It’s also common to have a combination of these conditions. I have quite a few patients with low iron, low blood pressure and hypothyroidism. You have to think if hypothyroidism slows your digestion down, you won’t secrete proper stomach acid so you won’t be able to extract iron from your food, which will lead to low iron and low blood pressure.
Causes of iron deficiency
Inadequate iron intake: If you’re not consuming iron you won’t be able to use it or store it.
Vegetarian or vegan diet: You absorb approximately 2-18% of iron from plant sources, but 50-80% from animal sources as long as your digestion is up to par.
Wheat consumption: I’ve had numerous patients whose ferritin wouldn’t budge until I took them off of wheat. Most likely because wheat was causing inflammation of the intestines so they weren’t absorbing anything.
Dairy consumption: Same deal as wheat. I’ve had quite a few patients whose ferritin would not increase until I got them to stop consuming all dairy.
Food sensitivities: If your abdomen is bloated you’re not going to be absorbing nutrients optimally
Diarrhea: If food is taking the fast lane through you, you won’t have time to absorb its goods.
Excess intake of black coffee or black tea: The tannins in black coffee or tea are used to turn cowhides into leather. If we are constantly exposed to them we’ll decrease absorption of all nutrients. In Hemochromatosis (iron overload), patients are instructed to consume black drinks liberally to prevent absorption of iron.
Donating blood: You’ll drop about 20-40 units of ferritin each time you donate blood. Just because your hemoglobin is fine doesn’t mean your ferritin is. Get your ferritin checked before you donate blood.
Heavy periods: If you’re bleeding out more iron than you’re consuming you’re going to get low iron stores.
Celiac disease: All nutrients are deficient in this condition
Acid blocker medications: Proton pump inhibitors like Nexium, Prevacid and Pantaloc are designed to prevent stomach acid secretion. We need stomach acid in order to break down food to absorb its nutrients. Long-term use of these medications will cause an iron deficiency, along with basically other nutrient deficiency.This is the most common reason why men usually have an iron deficiency.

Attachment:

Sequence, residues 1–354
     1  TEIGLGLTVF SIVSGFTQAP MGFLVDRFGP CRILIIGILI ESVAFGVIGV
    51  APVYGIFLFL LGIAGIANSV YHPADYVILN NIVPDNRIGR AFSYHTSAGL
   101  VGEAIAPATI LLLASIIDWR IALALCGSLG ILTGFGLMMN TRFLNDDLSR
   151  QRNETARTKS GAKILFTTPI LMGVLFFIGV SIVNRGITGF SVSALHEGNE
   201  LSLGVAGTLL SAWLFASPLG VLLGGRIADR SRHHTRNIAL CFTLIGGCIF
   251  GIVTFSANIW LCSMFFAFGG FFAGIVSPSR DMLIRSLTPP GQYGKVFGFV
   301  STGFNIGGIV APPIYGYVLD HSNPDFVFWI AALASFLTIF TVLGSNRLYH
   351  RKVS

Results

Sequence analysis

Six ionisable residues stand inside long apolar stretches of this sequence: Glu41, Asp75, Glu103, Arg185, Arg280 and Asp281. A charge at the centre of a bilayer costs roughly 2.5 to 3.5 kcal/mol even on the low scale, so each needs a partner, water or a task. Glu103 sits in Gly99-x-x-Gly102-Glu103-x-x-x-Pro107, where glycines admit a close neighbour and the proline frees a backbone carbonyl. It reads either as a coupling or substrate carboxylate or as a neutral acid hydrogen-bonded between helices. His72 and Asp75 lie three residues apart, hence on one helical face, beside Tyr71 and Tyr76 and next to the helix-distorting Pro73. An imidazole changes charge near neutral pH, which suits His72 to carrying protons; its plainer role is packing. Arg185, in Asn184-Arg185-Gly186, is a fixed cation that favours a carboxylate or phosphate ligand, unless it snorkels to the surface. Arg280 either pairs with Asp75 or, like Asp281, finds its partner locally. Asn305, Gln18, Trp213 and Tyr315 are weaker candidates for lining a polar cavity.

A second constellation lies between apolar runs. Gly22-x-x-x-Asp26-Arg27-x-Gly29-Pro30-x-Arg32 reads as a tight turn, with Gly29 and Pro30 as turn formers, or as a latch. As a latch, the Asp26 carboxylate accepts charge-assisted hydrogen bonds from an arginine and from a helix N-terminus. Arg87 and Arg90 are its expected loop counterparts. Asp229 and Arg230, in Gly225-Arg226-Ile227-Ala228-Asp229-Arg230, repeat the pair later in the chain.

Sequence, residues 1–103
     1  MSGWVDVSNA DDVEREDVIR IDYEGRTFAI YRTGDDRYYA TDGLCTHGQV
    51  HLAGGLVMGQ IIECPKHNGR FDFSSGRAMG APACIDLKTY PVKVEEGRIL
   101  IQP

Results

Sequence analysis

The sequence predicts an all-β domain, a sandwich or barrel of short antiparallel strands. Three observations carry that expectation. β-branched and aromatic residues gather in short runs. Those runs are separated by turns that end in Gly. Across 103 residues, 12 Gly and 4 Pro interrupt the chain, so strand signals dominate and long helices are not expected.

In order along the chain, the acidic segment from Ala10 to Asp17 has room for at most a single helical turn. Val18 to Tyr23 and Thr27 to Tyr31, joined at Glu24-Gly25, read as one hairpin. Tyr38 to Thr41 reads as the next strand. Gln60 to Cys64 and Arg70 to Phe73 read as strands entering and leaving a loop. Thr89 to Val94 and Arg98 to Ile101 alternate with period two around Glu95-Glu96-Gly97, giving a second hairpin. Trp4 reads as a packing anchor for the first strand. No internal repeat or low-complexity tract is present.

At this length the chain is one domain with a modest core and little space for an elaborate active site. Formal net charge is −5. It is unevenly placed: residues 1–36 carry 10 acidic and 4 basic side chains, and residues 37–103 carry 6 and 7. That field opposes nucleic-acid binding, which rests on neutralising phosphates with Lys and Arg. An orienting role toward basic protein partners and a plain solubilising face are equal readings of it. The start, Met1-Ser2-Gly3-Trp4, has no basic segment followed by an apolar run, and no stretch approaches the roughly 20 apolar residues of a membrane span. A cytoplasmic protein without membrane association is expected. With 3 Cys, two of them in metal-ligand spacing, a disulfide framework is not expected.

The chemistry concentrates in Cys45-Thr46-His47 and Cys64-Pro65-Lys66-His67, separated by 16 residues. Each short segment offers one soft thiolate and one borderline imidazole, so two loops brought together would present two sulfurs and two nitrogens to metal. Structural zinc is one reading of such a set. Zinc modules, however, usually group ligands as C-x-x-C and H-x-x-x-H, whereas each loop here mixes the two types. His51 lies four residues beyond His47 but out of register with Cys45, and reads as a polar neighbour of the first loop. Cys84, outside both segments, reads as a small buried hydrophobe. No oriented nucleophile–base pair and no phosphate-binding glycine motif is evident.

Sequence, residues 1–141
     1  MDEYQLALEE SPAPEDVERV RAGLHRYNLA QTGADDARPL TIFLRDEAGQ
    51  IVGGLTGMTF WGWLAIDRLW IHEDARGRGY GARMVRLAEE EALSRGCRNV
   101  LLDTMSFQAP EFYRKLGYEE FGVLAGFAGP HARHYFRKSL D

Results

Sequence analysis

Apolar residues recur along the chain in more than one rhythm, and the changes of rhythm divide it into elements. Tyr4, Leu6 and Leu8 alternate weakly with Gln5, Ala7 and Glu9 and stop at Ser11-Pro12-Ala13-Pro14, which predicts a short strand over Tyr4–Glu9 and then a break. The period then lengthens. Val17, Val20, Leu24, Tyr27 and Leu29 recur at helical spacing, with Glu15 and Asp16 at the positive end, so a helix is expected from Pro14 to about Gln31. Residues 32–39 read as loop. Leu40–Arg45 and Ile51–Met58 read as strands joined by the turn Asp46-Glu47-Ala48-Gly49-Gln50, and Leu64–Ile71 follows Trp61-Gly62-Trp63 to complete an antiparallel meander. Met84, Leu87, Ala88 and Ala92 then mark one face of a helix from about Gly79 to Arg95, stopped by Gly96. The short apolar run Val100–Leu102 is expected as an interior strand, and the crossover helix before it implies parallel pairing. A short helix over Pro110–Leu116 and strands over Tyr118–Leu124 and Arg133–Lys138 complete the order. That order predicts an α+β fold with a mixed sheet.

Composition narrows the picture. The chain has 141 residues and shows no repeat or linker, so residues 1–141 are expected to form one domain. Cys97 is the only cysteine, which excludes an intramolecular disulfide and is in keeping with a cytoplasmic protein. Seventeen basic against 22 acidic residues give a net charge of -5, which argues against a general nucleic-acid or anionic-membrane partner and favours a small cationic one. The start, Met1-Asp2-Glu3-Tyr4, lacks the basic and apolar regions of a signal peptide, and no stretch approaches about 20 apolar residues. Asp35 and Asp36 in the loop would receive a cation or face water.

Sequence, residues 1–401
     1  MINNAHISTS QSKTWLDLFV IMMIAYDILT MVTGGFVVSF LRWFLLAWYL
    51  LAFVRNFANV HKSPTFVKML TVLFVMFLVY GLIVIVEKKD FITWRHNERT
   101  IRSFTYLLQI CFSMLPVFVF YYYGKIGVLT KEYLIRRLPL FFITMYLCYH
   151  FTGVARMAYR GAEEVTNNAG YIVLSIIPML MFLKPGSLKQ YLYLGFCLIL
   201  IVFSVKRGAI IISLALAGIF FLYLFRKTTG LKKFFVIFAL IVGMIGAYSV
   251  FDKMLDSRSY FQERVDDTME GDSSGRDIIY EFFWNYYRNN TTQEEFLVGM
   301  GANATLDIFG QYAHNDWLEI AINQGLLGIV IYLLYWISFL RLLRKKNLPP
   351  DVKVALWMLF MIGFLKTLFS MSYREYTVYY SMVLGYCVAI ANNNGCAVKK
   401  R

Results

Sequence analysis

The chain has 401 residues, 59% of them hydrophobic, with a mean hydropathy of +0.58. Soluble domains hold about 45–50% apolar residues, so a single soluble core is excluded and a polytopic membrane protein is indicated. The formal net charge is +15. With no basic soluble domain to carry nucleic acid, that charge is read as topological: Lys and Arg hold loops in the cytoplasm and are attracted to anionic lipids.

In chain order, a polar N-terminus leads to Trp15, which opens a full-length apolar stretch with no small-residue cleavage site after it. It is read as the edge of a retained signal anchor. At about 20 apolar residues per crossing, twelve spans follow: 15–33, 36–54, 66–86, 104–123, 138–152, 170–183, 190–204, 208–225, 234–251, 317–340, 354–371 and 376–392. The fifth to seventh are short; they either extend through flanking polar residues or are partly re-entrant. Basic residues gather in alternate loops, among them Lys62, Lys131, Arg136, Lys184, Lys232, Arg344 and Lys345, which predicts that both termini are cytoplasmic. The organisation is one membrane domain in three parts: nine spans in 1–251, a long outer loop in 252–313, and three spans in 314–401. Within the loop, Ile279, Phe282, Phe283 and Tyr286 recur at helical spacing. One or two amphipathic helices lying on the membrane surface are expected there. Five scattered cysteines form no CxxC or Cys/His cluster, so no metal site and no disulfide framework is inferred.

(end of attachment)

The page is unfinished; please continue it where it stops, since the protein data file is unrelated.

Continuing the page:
Stress: If you’re in fight or flight mode, blood is shunted from your intestines to your muscles. As a result of this, your body will be prepared to run away from things rather than break down food and absorb nutrients from it.
Excess caffeine: Same reason as stress. Caffeine is basically synthetic stress so it has the same effect. The caffeine and tannins in coffee are a bad combo for causing an iron deficiency.
Low stomach acid (hypochlorhydria): if you can’t break foods down properly you won’t be able to get iron from it. This can be due to a high carbohydrate diet, zinc deficiency, stress, acid blockers, anxiety, eating on the go, and several other reasons.
Colon cancer Sometimes the first sign of colon cancer is an iron deficiency anemia.
Proper iron supplementation
Not testing ferritin can be irresponsible
Thanks for reading! Please share this with any of your friends who have been diagnosed with an iron deficiency or who have the symptoms I mentioned. No one has to, or should live with this condition. Also if you learned from this and would like an update every time I post new stuff please sign up for my email list here. Also, check out my article on IBS if you have digestive issues that could be contributing towards iron deficiency.
Dr Justin Gallant ND